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The Concept of Consolidation Accounting in Company

Decision to Consolidate

The decision to consolidate financial statements when a company acquires a small company is based on the general rules listed below.

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  1. The acquiring company will own the majority of the voting interest.
  2. The ownership of the voting interest exceeds 50%.

In either case, the company has to prepare financial statements on a consolidation basis. It implies that the decision to consolidate depends on the controlling financial interest in the company acquired. It means that the parent company will have an essential role in the financial decision-making process of the subsidiary. The parent company will have the right to variable returns from its investment in the acquired business. The decision to consolidate financial statements depends on the arrangement of the newly formed group and the transactions that take place between them. It is also noted that when the parent company and its subsidiary operate as a group, consolidated financial statements must be prepared and reported. However, it is possible that they operate entirely independently of each other. In this case, they can prepare their financial statements individually, but shareholders and other stakeholders prefer that companies report their financials on a consolidated basis. It removes ambiguities and possible overstating of accounts (Beams, Anthony, Bettinghaus, & Smith, 2017).

It is also essential to discuss FASB Interpretation no. 46(R), which requires companies to follow its guidelines for consolidating Variable Interest Entity (VIE). First, the VIE does not have sufficient equity investment at risk (FASB, 2008). Second, equity investors in the VIE lack any of three characteristics of controlling financial interest. Investors with such an interest participate in decision-making processes by voting their shares, expect to share in returns generated by the entity, and absorb any losses the entity may incur (FASB, 2008).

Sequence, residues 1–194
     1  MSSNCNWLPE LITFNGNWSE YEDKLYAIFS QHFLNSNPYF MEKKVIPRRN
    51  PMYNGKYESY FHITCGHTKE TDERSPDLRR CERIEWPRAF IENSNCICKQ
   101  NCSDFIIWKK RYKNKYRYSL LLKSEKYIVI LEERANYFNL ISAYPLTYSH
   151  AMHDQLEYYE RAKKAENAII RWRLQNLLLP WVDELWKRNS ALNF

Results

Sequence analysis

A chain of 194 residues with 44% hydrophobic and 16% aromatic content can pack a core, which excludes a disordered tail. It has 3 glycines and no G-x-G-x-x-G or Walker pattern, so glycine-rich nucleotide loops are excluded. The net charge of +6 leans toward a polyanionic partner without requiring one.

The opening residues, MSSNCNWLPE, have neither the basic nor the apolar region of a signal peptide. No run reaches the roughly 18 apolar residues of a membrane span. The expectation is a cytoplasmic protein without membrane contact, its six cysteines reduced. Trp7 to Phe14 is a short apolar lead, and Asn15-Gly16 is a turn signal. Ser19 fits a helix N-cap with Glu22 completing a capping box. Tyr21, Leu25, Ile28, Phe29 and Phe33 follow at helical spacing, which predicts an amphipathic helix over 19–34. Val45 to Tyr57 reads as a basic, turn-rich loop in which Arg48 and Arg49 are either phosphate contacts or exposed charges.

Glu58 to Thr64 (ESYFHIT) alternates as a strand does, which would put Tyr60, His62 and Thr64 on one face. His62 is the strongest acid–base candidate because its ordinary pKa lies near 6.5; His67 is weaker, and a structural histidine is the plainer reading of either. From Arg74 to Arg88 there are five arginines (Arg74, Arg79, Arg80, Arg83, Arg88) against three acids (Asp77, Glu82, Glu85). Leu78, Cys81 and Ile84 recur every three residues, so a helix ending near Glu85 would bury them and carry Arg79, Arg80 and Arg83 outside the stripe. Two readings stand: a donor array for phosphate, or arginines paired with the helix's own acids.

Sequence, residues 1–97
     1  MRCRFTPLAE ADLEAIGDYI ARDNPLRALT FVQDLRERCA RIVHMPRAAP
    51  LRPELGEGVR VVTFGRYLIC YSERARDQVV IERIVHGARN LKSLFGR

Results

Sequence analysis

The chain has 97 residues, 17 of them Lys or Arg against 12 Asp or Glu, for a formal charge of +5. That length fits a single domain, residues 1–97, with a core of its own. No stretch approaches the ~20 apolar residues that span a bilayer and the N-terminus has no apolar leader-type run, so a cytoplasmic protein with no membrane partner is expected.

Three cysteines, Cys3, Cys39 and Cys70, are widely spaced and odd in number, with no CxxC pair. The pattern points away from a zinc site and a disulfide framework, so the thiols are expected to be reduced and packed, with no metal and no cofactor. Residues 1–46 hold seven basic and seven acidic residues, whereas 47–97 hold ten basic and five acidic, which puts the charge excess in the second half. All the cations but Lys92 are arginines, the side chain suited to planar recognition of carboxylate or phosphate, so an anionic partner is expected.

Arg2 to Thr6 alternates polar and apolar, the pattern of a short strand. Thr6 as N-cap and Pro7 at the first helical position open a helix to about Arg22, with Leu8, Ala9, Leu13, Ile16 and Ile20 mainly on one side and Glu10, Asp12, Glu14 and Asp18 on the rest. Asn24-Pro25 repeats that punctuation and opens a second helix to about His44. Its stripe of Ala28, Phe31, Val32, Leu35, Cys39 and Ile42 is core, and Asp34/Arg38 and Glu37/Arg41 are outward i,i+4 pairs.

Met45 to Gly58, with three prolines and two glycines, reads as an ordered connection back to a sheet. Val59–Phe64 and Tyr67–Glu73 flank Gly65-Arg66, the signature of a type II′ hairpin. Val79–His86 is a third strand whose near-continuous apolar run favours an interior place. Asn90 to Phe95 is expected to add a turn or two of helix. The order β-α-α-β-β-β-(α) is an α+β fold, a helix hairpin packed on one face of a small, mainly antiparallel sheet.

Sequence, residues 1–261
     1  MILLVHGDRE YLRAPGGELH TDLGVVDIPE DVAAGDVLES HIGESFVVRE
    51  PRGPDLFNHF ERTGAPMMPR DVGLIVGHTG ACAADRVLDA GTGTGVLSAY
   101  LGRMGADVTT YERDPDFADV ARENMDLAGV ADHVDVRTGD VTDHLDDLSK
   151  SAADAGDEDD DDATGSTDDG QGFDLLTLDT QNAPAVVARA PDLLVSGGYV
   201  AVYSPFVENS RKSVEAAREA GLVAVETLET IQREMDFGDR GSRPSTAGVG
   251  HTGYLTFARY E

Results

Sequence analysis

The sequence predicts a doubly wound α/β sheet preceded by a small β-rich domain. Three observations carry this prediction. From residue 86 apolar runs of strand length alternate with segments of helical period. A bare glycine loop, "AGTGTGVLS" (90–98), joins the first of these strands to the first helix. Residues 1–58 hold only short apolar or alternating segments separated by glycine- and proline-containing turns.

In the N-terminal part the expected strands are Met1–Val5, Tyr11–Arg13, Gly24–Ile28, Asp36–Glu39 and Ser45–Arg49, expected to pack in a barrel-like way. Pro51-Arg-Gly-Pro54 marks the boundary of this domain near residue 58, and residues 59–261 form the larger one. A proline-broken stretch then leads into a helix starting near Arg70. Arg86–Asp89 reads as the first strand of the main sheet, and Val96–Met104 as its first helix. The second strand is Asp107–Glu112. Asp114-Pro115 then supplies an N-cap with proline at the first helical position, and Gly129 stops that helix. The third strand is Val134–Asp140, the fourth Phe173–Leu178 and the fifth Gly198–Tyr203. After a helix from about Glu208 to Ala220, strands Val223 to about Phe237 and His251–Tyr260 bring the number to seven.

Consolidation Procedure

When a company owns more than 50% of another entity’s total equity, it should prepare and report its financial statements by using consolidation accounting. Companies must prepare their financial statements on a consolidated basis by using the same accounting methods according to the US GAAP, which was followed by the parent company and its subsidiaries before consolidation. The entire process of consolidation accounting is comprised of thirteen steps which are listed below.

  • The parent company should record loans from subsidiaries and interest income earned on investments in them.
  • The parent company should determine, allocate, and charge overhead costs to subsidiaries.
  • It should perform verification of all payables charged to its subsidiaries.
  • The parent company should determine, allocate, and charge payroll expenses to subsidiaries.
  • It should post adjusting entries to all revenue and expense accounts.
  • The parent company should verify the balances of each account of assets, liabilities, and equity.
  • It should check and verify the financial statements of its subsidiaries to ensure that there are no mistakes.
  • All intercompany transactions must be eliminated.
  • The parent company’s financial statements should be checked and verified.
  • It should record tax liabilities.
  • It should close its subsidiaries’ accounts and books.
  • The parent company should close its accounts and books.
  • Finally, consolidated financial statements should be prepared and published.

The elimination of intercompany transactions is an important process that requires further explanation. This process requires that the equity accounts, including common stock and retained earnings of subsidiaries, must be eliminated on consolidation. The consolidated statement of income is prepared by only accounting for transactions that take place outside of the entity created. It implies that all transactions, including purchases and sales between the parent company and its subsidiaries, must be removed (Lessambo, 2018). In addition, certain transactions, including loans to and from subsidiaries, are also adjusted. These eliminations relate to accounts receivable and payable arising due to the transactions within the group. The investment of the parent company in the subsidiary is also adjusted and not included in the consolidated balance sheet. It implies that the consolidated balance sheet only reports combined assets and liabilities which are owed to external entities (Wahlen, Jones, & Pagach, 2017).


Beams, F. A., Anthony, J. H., Bettinghaus, B., & Smith, K. (2017). Advanced accounting (13th ed.). New York, NY: McGraw-Hill/Irwin.

FASB. (2008). FASB interpretation no. 46 (revised December 2003). Web.

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Lessambo, F. I. (2018). Financial statements: Analysis and reporting. Cham, Switzerland: Springer.

Wahlen, ‎J. M., Jones, J‎. P., & Pagach, D. (2017). Intermediate accounting: Reporting and analysis, 2017 update (2nd ed.). Boston, MA: Cengage Learning.

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